I suggest really playing through the arcade of other people’s games for two reasons: one, to see just what is possible. You want to create the Donkey Kong Country barrel-focused game that you always believed should be possible? Do it! You may not realize just how powerful this engine can be until you sit down and really see what others have done. Two, because the most popular games tend to have huge coin rewards, and then you can use those to unlock all the really cool things to use in the levels.
Part of Pixel Press Floors‘ hook was that you could draw on paper to create levels, but just from a functional basis, I’d rather create int he app itself. Perhaps it’d be a cool sketching exercise and practice for those who want to visualize their levels before importing them, but from a functional basis, creating in-app is better. While you can make levels on the iPhone, the expanded screen space of the iPad just feels better for making levels. Still, you have the option to do so wherever. As well, with the arcade functionality to share games, it’s fun to go and play other levels and put yours out there. Also, because this is a kid-friendly game, the username you choose is based off of a set of fixed words and names. Still, I was able to have “Wondrous Carter Hippo" which I applaud Grumpyface for ensuring made it in there. I gotta stay on #brand.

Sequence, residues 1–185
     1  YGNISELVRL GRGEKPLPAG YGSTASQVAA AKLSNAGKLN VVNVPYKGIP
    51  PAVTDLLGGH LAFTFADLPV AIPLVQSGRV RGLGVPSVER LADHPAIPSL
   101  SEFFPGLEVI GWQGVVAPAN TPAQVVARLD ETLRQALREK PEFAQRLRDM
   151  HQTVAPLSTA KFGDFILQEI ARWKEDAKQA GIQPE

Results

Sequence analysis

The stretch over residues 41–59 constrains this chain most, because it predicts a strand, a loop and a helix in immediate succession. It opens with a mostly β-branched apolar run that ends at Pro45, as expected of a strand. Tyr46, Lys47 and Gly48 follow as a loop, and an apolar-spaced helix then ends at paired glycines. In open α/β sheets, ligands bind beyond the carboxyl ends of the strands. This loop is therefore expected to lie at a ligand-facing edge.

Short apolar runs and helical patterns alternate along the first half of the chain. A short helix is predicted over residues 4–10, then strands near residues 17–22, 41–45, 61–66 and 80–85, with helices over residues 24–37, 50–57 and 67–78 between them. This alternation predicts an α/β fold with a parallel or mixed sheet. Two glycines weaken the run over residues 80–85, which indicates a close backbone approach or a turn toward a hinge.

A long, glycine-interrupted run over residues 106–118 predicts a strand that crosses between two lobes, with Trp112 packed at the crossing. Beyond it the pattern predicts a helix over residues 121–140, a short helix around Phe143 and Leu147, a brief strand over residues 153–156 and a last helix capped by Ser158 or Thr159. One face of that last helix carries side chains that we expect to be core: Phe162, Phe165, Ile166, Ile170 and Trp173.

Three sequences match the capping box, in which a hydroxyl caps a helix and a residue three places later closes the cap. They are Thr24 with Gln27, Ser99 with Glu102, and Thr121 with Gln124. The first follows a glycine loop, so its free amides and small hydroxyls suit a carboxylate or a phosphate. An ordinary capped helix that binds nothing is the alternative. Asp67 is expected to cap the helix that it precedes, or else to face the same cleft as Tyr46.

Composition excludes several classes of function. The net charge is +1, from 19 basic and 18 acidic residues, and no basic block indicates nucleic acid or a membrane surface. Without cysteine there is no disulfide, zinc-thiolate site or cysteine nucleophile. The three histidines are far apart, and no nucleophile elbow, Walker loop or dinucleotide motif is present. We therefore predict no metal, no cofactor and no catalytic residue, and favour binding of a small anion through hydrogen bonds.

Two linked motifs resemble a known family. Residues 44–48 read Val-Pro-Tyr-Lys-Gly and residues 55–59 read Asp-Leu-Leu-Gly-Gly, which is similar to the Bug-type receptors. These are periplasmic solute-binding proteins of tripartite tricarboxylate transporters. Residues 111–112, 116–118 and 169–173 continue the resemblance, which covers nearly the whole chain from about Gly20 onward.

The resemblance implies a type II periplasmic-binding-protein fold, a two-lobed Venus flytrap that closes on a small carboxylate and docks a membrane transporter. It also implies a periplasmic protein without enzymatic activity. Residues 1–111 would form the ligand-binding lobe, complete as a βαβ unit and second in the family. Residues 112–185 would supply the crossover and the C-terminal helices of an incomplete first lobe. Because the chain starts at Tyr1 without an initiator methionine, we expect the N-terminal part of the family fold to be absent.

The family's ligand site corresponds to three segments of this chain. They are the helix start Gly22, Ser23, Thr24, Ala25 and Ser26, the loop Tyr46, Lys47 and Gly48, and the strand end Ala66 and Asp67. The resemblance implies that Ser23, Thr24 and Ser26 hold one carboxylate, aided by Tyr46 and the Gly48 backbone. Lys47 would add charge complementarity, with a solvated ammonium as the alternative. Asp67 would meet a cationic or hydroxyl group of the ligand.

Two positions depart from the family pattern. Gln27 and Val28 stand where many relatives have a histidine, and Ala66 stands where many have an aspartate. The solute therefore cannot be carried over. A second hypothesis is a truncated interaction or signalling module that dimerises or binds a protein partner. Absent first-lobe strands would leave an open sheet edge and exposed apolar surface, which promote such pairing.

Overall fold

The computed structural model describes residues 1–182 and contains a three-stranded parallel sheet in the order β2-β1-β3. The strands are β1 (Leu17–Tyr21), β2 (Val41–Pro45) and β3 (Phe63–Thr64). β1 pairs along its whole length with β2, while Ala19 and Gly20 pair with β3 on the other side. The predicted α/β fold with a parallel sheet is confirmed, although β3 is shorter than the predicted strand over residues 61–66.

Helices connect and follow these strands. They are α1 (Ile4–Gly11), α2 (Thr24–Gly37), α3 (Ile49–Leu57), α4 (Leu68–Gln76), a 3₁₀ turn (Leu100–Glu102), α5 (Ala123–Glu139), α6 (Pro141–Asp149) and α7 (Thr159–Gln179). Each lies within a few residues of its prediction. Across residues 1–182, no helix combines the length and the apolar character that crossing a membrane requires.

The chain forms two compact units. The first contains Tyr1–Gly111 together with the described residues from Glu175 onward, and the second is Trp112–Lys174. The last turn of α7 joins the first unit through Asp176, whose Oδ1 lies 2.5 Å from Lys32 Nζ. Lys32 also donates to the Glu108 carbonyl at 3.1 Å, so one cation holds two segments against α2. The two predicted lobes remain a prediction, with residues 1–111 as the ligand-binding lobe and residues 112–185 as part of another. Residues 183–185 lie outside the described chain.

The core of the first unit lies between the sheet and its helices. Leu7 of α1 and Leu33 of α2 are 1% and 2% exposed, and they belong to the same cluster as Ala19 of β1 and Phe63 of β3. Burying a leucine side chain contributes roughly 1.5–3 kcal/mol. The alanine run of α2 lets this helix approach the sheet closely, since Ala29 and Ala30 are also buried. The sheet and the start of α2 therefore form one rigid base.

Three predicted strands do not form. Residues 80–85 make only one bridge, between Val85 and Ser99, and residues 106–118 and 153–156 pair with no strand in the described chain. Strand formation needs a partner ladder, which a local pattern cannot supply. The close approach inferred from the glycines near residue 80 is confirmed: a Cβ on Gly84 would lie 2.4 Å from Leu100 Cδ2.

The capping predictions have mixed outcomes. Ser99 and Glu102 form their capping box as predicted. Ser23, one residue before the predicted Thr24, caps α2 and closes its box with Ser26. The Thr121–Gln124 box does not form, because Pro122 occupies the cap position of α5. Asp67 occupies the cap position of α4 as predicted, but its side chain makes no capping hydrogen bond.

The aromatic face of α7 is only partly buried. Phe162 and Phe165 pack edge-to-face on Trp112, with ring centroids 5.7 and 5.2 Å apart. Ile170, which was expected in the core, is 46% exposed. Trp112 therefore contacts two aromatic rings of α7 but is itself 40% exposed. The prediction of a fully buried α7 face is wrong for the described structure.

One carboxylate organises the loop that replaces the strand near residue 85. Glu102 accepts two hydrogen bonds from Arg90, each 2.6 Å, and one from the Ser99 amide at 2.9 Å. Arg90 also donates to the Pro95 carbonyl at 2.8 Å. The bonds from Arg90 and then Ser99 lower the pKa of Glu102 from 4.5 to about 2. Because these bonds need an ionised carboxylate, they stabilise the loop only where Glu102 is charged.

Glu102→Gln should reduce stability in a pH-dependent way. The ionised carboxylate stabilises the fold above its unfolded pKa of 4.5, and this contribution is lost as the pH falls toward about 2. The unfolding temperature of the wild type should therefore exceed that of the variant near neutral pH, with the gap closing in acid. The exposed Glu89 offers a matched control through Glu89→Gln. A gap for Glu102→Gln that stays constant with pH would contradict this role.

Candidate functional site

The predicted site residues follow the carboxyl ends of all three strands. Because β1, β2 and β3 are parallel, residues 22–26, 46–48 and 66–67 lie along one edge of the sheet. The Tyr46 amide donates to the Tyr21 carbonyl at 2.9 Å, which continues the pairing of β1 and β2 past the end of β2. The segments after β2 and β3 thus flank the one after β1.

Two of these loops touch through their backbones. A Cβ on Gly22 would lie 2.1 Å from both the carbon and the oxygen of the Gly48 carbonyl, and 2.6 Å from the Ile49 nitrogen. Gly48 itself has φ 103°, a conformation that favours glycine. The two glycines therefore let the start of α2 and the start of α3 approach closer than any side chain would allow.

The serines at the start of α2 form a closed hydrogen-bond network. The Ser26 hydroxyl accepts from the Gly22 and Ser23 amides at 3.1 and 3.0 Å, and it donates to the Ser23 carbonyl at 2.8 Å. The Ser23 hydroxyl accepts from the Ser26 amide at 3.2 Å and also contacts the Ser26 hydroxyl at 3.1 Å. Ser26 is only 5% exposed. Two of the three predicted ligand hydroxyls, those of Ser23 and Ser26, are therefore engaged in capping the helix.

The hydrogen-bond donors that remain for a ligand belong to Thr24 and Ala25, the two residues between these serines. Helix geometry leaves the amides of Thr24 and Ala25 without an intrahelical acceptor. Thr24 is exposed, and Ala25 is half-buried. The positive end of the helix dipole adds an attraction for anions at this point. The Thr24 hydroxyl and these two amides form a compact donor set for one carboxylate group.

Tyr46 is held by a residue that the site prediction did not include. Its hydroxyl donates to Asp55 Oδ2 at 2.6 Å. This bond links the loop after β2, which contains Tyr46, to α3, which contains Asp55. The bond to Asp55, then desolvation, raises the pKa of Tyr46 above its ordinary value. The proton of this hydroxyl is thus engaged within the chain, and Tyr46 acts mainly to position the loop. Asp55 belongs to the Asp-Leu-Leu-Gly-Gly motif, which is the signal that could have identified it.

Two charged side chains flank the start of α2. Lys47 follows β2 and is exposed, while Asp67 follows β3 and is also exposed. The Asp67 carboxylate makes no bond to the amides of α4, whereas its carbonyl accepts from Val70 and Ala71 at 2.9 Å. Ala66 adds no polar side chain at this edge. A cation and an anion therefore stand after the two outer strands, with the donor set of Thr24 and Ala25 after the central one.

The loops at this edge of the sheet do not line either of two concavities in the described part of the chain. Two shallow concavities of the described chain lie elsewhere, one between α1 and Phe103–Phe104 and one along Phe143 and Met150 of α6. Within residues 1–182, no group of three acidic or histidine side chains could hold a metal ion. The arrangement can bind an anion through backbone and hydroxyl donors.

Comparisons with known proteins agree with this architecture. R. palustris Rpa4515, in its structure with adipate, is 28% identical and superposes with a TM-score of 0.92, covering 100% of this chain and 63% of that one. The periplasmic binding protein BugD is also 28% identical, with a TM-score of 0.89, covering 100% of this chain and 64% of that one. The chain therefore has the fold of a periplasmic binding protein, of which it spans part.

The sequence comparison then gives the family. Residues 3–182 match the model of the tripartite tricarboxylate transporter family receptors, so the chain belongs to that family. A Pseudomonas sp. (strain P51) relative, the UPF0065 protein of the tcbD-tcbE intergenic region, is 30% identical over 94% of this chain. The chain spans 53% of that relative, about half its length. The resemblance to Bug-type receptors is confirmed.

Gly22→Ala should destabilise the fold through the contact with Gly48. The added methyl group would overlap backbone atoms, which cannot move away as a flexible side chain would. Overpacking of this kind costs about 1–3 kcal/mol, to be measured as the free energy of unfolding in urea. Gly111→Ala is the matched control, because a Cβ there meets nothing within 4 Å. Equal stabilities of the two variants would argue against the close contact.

Of course, the downside to any sort of creation software is that the experiences are never going to be as polished as something made in static form. Grumpyface did a good job at making things feel cohesive when you lay down blocks and whatnot, but when people can build their own things within a set of rules, it’s impossible to make everything that gets created have the perfect game feel that the creator’s levels have. It’s a trade-off that any game about user-generated content will have: pesky people who want to bend the rules, and do things you could never have anticipated. And for players, they always know that something is off. Whether you’re willing to put up with an imperfect feel in exchange for hours of content is your own personal choice.
But this game really does a great job at making creation simple and accessible while still complex and expansive enough to allow for some really cool things to be created. I really hope a lot of kids particularly check out Adventure Time Game Wizard: maybe ten, fifteen, twenty years from now, the next great game is going to be made by someone who downloaded this and had this spark a dream of making games. This game really has that potential to do that, that’s how great the tools are here. And that really excites me that while, yeah, this is a capitalist endeavor and Cartoon Network ideally wants to make money off of this, the fact that gaming and the world could maybe be a better place because it uses familiar licensing to introduce people to creation in an accessible way is just fantastic.